According to EU Commissioner for the Internal Market Thierry Breton, the European Commission has begun discussions with the United States to consider incentives for electric vehicles traded in the North American trading bloc.
He continued by saying that the Commission is also discussing other components of the recently enacted U.S. Inflation Reduction Act.
Incentives for electric vehicles traded in the North American trading bloc
There are a variety of incentives and policies in place in the North American trading bloc (United States, Canada, and Mexico) to encourage the adoption of electric vehicles (EVs). We can divide these incentives into three main categories: financial incentives, non-financial incentives, and infrastructure development.
One of the most common financial incentives for EV adoption is the use of tax credits. In the United States, for example, the federal government offers a tax credit of up to $7,500 to purchase new qualifying EVs. In Canada, some provinces offer to purchase or lease rebates for EVs. There are some local incentives in Mexico.
Non-financial incentives and charging infrastructure
Non-financial incentives include things like HOV lane access, parking and charging privileges, and reduced or waived vehicle registration fees. Many cities and municipalities in the United States and Canada have implemented programs to provide EV owners with access to preferred parking spots and/or waived parking fees, and access to HOV lanes even with a single occupant. This helps to alleviate some of the “range anxiety” associated with driving an EV.
The Department of Energy also has been working to support the deployment of EV charging infrastructure. It is done through funding programs and partnerships with private companies. We can find similar initiatives in Canada and Mexico.
It seems incentives are not enough
Overall, the incentives for EV adoption in North America vary by region and by type of incentive. Federal and state governments, as well as private companies and municipalities, are all working to promote EV adoption and build the necessary infrastructure. However, it’s important to note that while these incentives can play a major role in encouraging EV adoption, they alone may not be enough to fully realize the full scale of adoption. Other factors such as consumer preference, convenience, and cost-competitiveness with traditional gasoline vehicles, also play a major role.
The main drive towards electric vehicles adoption is more economic than environmental
In recent years, the trend has been towards the gradual reduction of incentives, while the price of batteries and the cost of the vehicles themselves continue to decline. Thus, the main drive towards EV adoption is becoming more economic than environmental. We can see this as a positive development, as it signals that EVs are becoming more cost-competitive with traditional gasoline vehicles and therefore less reliant on government incentives to drive consumer adoption. Nevertheless, as the technology is relatively new and many economies haven’t fully recovered from the pandemic, incentives still play an important role in supporting the growth and development of the EV market.
Incentives for electric vehicles in the EU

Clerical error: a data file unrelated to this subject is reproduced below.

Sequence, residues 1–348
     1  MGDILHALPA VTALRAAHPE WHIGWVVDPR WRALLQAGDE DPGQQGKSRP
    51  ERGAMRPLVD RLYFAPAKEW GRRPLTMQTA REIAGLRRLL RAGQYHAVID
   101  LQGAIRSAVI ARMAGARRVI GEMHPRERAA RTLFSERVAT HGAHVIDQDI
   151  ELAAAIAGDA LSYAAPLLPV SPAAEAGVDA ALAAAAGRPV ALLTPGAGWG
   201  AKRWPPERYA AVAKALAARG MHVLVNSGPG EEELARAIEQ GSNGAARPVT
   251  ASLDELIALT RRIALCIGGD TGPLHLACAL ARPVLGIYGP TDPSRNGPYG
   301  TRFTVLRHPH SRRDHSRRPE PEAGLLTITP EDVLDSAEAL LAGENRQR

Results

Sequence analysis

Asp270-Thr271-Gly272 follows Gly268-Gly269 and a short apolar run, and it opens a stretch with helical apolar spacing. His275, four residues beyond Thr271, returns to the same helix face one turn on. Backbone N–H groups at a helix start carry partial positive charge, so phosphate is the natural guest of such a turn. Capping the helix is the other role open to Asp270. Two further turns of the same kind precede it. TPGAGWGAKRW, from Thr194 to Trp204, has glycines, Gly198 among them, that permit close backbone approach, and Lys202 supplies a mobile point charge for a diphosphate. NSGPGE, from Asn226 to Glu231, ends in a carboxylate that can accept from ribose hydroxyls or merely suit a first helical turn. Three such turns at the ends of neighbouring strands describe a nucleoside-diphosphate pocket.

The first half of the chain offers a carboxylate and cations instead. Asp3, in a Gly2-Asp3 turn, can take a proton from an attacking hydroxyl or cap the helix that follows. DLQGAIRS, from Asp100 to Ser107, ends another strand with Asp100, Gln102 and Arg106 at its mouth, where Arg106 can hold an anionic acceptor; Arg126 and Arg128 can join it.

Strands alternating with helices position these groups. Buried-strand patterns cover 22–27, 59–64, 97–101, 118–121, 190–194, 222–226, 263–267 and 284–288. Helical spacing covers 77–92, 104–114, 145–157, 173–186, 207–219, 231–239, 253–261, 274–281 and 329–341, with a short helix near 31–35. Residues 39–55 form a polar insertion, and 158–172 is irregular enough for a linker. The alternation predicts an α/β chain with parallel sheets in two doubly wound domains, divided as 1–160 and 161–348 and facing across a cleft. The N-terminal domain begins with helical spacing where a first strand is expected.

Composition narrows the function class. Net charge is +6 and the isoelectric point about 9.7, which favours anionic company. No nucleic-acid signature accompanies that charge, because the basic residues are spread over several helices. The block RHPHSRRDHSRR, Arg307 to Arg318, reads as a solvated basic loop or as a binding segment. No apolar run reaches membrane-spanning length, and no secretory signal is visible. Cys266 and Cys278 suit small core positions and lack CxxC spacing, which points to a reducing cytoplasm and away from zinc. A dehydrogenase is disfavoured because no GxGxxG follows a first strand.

The European Union (EU) has implemented a range of incentives to encourage the adoption of electric vehicles (EVs) as a way to meet its climate change and air quality goals. We can divide these incentives into financial incentives and non-financial incentives, such as infrastructure development and research and development (R&D).
One of the most common financial incentives for EV adoption in the EU is the use of purchase incentives, such as cash grants, discounts on vehicle registration tax, and reduced or waived value-added tax (VAT) on EV purchases. Some countries in the EU also provide tax exemptions or reductions for company cars that are electric or have low emissions.
Electric vehicles are kind of privileged
Non-financial incentives in the EU include things like reduced or waived vehicle registration fees, access to HOV lanes, free parking, free charging, and reduced tolls. A number of cities and municipalities across the EU have implemented “green zones” where only zero-emission vehicles are permitted, and other cities have implemented parking policies for EVs to facilitate recharging.
Another important aspect of incentivizing EV adoption in the EU is the development of charging infrastructure. Without a sufficient network of charging stations, it can be difficult for EV owners to travel long distances, which can discourage adoption. The EU is funding the development and deployment of EV charging infrastructure through various initiatives like the Connecting Europe Facility (CEF) and European Regional Development Fund (ERDF).
EU works on advanced electric vehicle models’ research
In addition, the EU has implemented research and development initiatives to help advance EV technology and reduce the cost of EV batteries. These programs aim to accelerate the development of new and innovative EV technologies and to make them more affordable for consumers.
In summary, The European Union has implemented a variety of benefits to encourage the adoption of electric vehicles. They have also focused on developing a more affordable and accessible electric vehicle for the general public. These incentives aim to help the EU reach its climate change and air quality goals and promote a greener transport sector.